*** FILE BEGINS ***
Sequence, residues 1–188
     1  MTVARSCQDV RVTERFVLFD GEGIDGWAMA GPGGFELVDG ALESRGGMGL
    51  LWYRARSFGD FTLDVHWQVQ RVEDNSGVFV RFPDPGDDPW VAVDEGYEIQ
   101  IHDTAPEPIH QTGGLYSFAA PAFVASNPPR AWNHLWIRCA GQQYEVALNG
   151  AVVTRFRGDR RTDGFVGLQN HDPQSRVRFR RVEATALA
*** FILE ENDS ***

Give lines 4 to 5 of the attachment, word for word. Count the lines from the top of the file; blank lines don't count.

   101  IHDTAPEPIH QTGGLYSFAA PAFVASNPPR AWNHLWIRCA GQQYEVALNG
   151  AVVTRFRGDR RTDGFVGLQN HDPQSRVRFR RVEATALA